How to become a pilot?

FUNDING

This can be the most difficult challenge for some students. There are many ways to fund training: bank education loans, parents’ mortgage, state sponsored programs, cadetship and more. The first thing to do is to speak to family and your bank to see eligibility for funding. Some countries like Sweden, for example, have programs that assist students in funding - something to look into if you are eligible. 

Visit flight schools you plan to train in and ask your funding questions directly to the school. They may or may not have a bank or organisation that provides such services. If funding cannot be attained, the modular route (pay as you go) is always an option. Depending on how much you can personally afford to work and fly the process can be as quick or as long as required. 

MEDICAL

There are two types of medical: Class 1 and Class 2. For pilots wishing to operate for recreational purposes and have no intention of flying commercially, a Class 2 is all that’s required. A Class 2 is valid for five years. 

For those pilots who wish to fly commercially, a Class 1 is mandatory. It will need to be renewed every 12 months and is a more thorough medical than the Class 2.

INTEGRATED TRAINING

You’ll need to obtain a Class 1 medical to proceed with integrated training. Course formats can vary slightly from school to school. 

In general you will begin with a small amount of flight training up to solo standard, when you will begin the 14 ATPL theoretical course and exams. Throughout this process you will study for AIR LAW, OPS, METEOROLOGY, GENERAL NAVIGATION, RADIO NAVIGATION, VFR COMMUNICATIONS, IFR COMMUNICATIONS, AIRCRAFT GENERAL KNOWLEDGE, INSTRUMENTATION, HUMAN PERFORMANCE, MASS AND BALANCE, FLIGHT PLANNING, PERFORMANCE and PRINCIPLES OF FLIGHT. During this time you will also complete 70 hours of solo flying and commence the CPL and SE ME IR training.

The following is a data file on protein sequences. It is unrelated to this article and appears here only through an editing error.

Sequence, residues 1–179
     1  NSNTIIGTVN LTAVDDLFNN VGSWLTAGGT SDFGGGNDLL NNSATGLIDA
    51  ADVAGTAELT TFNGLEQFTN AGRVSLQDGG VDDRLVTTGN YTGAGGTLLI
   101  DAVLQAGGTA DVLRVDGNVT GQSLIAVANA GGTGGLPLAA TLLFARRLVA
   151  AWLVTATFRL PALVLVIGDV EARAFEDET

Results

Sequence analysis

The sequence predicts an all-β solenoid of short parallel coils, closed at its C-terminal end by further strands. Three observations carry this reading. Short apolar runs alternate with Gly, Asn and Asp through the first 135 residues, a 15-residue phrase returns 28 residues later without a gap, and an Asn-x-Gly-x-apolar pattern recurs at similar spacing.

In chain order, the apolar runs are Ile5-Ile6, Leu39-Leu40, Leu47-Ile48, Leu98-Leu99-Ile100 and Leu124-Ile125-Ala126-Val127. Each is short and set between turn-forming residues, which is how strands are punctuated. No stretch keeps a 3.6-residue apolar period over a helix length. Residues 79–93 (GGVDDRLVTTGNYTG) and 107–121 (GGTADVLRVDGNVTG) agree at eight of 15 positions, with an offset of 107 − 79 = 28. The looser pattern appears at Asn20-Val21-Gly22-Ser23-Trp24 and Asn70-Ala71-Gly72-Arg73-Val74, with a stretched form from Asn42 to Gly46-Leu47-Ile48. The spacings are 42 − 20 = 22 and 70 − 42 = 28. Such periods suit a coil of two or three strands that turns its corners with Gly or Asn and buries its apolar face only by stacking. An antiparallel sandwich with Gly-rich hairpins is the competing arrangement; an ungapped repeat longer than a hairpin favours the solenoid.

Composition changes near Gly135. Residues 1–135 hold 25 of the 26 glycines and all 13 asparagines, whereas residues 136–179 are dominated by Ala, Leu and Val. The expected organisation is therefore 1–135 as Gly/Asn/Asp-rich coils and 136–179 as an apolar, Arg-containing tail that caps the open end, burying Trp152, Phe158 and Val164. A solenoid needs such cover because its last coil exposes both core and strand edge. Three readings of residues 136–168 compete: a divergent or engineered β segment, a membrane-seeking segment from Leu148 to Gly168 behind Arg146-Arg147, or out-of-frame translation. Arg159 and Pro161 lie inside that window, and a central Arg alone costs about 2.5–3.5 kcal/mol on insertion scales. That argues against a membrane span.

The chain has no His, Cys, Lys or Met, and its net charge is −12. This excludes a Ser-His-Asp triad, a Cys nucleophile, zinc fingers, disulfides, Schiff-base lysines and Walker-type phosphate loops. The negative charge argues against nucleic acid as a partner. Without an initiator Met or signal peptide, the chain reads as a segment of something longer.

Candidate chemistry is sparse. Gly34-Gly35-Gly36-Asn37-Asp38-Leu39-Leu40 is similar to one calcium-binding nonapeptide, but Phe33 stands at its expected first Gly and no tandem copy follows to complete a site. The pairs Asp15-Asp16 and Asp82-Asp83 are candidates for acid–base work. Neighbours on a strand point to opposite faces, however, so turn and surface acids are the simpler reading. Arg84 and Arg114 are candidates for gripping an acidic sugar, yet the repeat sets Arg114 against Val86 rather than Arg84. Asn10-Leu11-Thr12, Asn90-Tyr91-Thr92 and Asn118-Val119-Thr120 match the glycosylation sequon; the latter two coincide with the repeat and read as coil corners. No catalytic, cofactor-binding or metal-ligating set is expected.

Following completion, you will be ready to sit the Skill Test. On passing the Skill Test, the MCC course teaches how to operate effectively and efficiently as a crew member. 

Some schools also include a Jet Orientation or Airline Preparation Course with additional training to prepare you for your first job interview and type rating.

Who is this suitable for:
+ All-inclusive, no additional experience building required
+ Fastest way to achieve First Officer Competence
+ Preferred by many airlines
+ Larger classes and professional student campuses
+ Flight schools usually affiliated with airlines
- Requires up-front financing at start of each semester
- Intensive program, not much time for other activities

MODULAR TRAINING

For students who choose not to train via the integrated route, modular is an option. Modular students are able to stop and start different periods of training as their funding and life allows. A lot of modular students maintain a full time job whilst training. Some finish their entire training over an 18-month period, but most complete training in an average of 24 months. 

Spreading the cost is the most common reason to carry out modular training. Some students choose to do training in a number of different countries to suit their budgetary requirements. As a modular student, research never stops. Talking to fellow students and reading articles is the best way to navigate the journey to your first airline job.

Who is this suitable for:
+ Can be divided into modules and financed as you go
+ More flight schools to choose from
+ Easier to adapt to a lifestyle with family or part-time work
- Usually takes longer compared to an integrated program
- Large variations in quality of training
- Harder competition for jobs

PPL (Private Pilot Licence)

The PPL is the beginning of modular training and it can take from three to 12 months  to complete, possibly more. The duration depends on the funding available, weather, your availability and other factors. The course is intense but fun; learning all the required syllabus plus the theory can be a challenge, but is achievable. 

The minimum required flight time is 45 hours, of which 10 must be solo (five of these solo hours must be cross country navigation flights, with one 150 nautical mile flight with two full stops at aerodromes, different than the departure aerodrome). 

You will also need to complete the PPL theory test, which consists of nine subjects: air law, meteorology, navigation, principles of flight, human performance, communications, operational procedures, aircraft general knowledge and flight performance and planning.